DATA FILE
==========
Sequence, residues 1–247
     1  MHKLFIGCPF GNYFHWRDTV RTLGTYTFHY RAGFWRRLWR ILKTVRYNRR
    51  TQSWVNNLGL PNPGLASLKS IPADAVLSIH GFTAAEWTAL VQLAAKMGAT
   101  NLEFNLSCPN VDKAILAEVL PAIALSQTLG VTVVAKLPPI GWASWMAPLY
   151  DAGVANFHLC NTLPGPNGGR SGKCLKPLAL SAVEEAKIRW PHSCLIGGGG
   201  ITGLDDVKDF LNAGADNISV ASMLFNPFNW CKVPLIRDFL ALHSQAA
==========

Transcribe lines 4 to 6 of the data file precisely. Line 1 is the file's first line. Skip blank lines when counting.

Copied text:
   101  NLEFNLSCPN VDKAILAEVL PAIALSQTLG VTVVAKLPPI GWASWMAPLY
   151  DAGVANFHLC NTLPGPNGGR SGKCLKPLAL SAVEEAKIRW PHSCLIGGGG
   201  ITGLDDVKDF LNAGADNISV ASMLFNPFNW CKVPLIRDFL ALHSQAA